Britain's banking industry is still operating a toxic culture which showers riches on those who indulge in bad behaviour and where bullying is rife – according to its own staff.
The Chartered Institute of Personnel & Development (CIPD) today publishes the results of a devastating survey of the financial sector, which suggests that industry leaders' claims that banking has reformed aren't being reflected on the ground.
It comes as the Parliamentary Commission on Banking Standards finalises its hotly-anticipated final report that is expected to call for sweeping changes in industry practice, with some members pushing for a break-up of Royal Bank of Scotland.
The poll by YouGov found that eight out of 10 bankers still believe that some people in their organisation enjoy excessive rewards. Even a majority of senior managers agree.
Disturbingly, almost two thirds of those polled across the financial sector believe some people in their organisations are incentivised to behave badly through their reward structures, with a similar number bemoaning the secrecy surrounding what top bosses get paid.
It also found that as many as a fifth of those polled had experienced either bullying or undue pressure to act in ways "that are counter to their personal ethics or the interests of customers".
Only half of bankers and just over 40 per cent of finance professionals generally believe there has been any initiative by bosses to effect a change in culture. Peter Cheese, CIPD chief executive, admitted in an interview with The Independent that the sector had a long way to go before it could say real change had been secured.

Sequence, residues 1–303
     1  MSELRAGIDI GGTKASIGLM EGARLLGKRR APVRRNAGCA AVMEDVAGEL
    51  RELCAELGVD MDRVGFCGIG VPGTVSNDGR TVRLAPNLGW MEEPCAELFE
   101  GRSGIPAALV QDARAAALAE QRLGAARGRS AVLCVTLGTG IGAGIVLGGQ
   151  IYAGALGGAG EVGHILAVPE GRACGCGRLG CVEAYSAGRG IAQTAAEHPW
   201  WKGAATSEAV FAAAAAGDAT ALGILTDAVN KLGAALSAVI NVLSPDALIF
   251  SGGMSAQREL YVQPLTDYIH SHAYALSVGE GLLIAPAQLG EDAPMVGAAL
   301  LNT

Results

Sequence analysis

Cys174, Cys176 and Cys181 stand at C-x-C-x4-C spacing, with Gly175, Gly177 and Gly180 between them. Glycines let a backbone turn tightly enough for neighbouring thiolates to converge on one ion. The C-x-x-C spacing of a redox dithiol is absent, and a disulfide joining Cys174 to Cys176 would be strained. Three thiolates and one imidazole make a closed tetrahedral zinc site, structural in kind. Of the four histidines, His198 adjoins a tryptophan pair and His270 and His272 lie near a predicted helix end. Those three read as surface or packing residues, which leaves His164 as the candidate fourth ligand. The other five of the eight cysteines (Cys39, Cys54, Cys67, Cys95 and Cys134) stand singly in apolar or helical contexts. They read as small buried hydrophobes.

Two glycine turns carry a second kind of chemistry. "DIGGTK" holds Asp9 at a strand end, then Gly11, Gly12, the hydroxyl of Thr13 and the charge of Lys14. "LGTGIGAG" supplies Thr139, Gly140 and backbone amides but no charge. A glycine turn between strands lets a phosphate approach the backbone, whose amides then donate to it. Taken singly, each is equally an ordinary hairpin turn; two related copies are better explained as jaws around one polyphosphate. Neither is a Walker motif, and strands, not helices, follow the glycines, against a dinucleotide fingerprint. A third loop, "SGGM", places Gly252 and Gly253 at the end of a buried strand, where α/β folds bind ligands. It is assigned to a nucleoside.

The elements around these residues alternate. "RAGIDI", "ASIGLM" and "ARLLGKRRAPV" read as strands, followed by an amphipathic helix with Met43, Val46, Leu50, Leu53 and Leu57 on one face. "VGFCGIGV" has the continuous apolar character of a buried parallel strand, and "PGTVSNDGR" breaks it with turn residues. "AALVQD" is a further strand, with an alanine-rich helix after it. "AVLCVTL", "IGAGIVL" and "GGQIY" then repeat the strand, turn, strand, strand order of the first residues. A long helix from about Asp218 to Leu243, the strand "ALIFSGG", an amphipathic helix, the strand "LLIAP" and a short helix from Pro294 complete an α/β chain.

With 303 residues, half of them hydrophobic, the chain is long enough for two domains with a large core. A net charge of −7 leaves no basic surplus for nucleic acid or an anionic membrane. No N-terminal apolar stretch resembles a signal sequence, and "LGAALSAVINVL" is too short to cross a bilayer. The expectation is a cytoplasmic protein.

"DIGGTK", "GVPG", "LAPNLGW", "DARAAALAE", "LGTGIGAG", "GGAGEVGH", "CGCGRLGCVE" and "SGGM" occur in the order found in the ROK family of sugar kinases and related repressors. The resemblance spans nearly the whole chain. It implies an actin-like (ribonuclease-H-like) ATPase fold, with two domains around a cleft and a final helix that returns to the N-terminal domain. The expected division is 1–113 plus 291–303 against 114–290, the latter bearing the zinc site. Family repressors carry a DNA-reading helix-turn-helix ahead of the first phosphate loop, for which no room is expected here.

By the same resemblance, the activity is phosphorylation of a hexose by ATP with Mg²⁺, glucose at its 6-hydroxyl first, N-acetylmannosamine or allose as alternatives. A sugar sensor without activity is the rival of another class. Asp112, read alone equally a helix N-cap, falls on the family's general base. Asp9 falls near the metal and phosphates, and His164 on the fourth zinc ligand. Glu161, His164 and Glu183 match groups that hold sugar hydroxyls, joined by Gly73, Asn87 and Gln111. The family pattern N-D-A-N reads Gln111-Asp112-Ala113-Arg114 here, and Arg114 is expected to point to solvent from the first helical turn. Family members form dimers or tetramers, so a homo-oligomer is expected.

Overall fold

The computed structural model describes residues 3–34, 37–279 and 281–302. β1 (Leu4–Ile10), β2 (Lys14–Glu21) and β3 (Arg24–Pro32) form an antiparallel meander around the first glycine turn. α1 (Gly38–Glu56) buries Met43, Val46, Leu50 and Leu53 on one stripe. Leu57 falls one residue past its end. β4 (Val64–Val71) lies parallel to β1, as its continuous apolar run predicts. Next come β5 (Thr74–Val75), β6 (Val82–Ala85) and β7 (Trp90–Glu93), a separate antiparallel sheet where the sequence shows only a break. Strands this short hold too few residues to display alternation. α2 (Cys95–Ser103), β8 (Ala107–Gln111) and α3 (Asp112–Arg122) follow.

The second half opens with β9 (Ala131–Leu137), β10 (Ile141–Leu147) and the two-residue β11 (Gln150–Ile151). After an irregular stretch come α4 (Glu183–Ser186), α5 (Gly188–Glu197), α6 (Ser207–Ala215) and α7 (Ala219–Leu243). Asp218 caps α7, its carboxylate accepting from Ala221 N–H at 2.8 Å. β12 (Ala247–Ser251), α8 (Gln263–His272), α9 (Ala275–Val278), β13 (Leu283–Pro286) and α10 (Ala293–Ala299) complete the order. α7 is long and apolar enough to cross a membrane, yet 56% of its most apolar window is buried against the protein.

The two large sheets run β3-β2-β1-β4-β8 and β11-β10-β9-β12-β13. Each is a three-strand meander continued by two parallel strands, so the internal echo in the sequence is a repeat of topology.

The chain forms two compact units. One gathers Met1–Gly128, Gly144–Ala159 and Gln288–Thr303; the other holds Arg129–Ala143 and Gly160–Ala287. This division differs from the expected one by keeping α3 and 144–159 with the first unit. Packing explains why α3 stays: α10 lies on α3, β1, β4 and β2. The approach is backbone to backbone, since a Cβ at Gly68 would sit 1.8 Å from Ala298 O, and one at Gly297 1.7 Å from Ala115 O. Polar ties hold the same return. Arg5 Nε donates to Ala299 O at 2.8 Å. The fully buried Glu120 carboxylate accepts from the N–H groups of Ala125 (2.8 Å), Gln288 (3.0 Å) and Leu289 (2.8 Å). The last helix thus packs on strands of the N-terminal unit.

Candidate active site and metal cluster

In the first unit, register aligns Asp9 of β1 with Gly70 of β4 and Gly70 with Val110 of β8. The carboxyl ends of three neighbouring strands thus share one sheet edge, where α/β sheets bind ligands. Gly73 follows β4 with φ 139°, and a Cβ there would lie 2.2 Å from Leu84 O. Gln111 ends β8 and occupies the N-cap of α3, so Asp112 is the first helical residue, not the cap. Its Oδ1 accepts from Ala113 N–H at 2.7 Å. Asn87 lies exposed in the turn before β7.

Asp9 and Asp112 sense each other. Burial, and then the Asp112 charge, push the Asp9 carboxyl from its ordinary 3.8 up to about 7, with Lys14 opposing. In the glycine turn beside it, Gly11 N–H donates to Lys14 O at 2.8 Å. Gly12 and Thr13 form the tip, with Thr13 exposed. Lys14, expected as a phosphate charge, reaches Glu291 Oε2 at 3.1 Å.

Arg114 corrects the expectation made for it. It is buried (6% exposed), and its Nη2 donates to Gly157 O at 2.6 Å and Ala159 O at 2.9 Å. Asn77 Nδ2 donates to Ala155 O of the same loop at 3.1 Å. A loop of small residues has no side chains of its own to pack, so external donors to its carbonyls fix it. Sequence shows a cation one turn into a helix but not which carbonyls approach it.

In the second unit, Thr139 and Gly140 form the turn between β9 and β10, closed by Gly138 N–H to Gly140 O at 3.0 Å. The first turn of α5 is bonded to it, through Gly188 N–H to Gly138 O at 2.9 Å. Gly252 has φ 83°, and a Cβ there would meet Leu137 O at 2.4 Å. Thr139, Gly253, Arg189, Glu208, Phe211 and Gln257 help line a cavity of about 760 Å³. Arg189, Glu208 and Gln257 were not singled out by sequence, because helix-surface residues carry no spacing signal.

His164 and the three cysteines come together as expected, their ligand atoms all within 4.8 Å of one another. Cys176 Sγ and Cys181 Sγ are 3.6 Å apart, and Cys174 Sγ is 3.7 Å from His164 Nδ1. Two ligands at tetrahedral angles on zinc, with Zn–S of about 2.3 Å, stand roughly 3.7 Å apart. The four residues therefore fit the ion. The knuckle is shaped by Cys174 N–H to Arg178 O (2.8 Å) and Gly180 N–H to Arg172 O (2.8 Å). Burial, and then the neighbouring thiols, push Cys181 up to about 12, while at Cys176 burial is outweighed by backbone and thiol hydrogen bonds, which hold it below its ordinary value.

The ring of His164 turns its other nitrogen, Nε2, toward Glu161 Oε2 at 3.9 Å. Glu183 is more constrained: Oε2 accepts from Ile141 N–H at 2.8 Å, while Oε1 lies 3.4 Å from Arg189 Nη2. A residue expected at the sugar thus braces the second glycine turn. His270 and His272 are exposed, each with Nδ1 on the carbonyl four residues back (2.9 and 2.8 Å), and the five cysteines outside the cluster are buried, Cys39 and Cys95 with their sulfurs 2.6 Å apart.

"We have not cracked it yet," he said. "Things are happening, but these results demonstrate how hard it is to bring about a change in culture."
He added: "It is a good thing that this is being recognised and talked about. It is an absolute truism that change comes from the top."
Since the end of the financial crisis both Barclays and RBS have paid huge fines over the involvement of their traders in attempts to rig Libor interest rates. Lloyds is thought to be another company in the Financial Conduct Authority's crosshairs.
HSBC is not, but it paid nearly $2bn (£1.3bn) to US authorities and was put on probation for acting as a conduit for dirty money and sanctions busting.
Perhaps unsurprisingly against that backdrop, fewer than one in three financial-sector workers outside of senior management said they were proud to work in the sector.
The CIPD's report was based on an online survey of 1,026 UK employees working in banking, brokerage and investment and insurance, conducted between 26 April and 30 April.
Of those, 495 respondents were from the banking sector, 295 from insurance and 237 from the brokerage and investment industries.
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